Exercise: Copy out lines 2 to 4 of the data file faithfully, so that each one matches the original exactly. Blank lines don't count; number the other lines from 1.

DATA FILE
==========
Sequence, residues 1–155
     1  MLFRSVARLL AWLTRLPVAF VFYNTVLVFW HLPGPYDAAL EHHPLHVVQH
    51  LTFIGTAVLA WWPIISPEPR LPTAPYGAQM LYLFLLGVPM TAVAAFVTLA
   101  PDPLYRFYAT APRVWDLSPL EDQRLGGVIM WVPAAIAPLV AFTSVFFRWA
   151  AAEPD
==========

     1  MLFRSVARLL AWLTRLPVAF VFYNTVLVFW HLPGPYDAAL EHHPLHVVQH
    51  LTFIGTAVLA WWPIISPEPR LPTAPYGAQM LYLFLLGVPM TAVAAFVTLA
   101  PDPLYRFYAT APRVWDLSPL EDQRLGGVIM WVPAAIAPLV AFTSVFFRWA